NICE deny changes to evaluation will affect elderly

The NATIONAL Institute for Health and Clinical Excellence (NICE) has rejected claims that proposed changes to the way in which treatments are evaluated for the NHS will mean that older patients lose out.

The Daily Telegraph published an article last month, voicing concerns over measures which it says could see the access to certain drugs on the NHS, such as cancer treatments, restricted for older patients.

The article reported that changes to the way in which NICE appraises treatments for the NHS could mean that new drugs which would primarily be used by older patients – such as cancer drugs or eye treatments – may not be recommended by the body due to a perceived lack of wider benefit to society.
NICE confirmed that the Department of Health has asked it to consider the ‘wider societal benefits’ when appraising treatments for use on the NHS, along with cost and efficacy. However, the organisation has spoken out against the claims and denies that any of the proposals would mean withholding treatments from specific patient groups. Sir Andrew Dillon, chief executive of NICE, said: “We have no intention of introducing a change to our methods that would disadvantage older people”.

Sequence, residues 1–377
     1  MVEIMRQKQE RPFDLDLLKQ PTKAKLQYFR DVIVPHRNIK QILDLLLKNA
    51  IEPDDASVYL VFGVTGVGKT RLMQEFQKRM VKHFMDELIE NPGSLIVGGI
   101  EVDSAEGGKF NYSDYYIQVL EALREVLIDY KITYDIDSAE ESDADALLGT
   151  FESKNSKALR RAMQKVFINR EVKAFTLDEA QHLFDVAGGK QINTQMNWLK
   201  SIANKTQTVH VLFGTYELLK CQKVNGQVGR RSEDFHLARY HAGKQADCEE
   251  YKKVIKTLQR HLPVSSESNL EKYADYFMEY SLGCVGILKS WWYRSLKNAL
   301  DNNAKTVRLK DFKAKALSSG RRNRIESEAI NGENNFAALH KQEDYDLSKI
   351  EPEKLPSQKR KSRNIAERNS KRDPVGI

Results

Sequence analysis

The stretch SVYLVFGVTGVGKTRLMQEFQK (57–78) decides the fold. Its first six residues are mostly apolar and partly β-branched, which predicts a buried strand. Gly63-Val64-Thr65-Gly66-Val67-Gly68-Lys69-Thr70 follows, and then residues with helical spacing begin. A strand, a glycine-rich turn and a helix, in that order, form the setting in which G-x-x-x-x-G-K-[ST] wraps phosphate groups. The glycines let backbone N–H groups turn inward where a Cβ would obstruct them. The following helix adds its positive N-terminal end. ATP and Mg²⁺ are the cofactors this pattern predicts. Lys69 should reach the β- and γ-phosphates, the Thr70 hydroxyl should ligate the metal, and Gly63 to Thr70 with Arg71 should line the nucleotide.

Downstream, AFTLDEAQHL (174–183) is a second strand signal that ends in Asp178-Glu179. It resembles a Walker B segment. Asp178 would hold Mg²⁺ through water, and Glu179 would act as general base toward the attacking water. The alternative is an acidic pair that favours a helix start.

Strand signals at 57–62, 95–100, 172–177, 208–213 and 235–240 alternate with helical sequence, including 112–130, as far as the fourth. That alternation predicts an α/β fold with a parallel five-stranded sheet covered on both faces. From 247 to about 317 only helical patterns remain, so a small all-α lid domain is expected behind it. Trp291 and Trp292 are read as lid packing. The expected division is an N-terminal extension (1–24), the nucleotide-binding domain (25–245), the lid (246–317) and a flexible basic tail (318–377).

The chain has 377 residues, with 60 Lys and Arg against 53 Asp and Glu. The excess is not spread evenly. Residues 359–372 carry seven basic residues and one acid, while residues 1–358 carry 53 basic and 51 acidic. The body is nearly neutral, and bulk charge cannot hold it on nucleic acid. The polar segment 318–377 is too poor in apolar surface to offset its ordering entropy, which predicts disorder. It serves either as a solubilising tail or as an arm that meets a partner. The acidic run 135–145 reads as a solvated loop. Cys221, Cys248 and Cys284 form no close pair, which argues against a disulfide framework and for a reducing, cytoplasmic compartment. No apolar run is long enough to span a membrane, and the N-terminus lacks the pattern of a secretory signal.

Professor Carole Longson, director for the Centre for Health Technology Evaluation at NICE, said: ”In making recommendations about which treatments to recommend for use in the NHS, NICE does not and will not make decisions based on the likely age group of patient. It would be wrong morally and legally to consider an older patient as somehow of less value to society”.
According to NICE, consultations on the new proposals are due to take place over the coming months, with the final methods to be implemented by autumn of this year.
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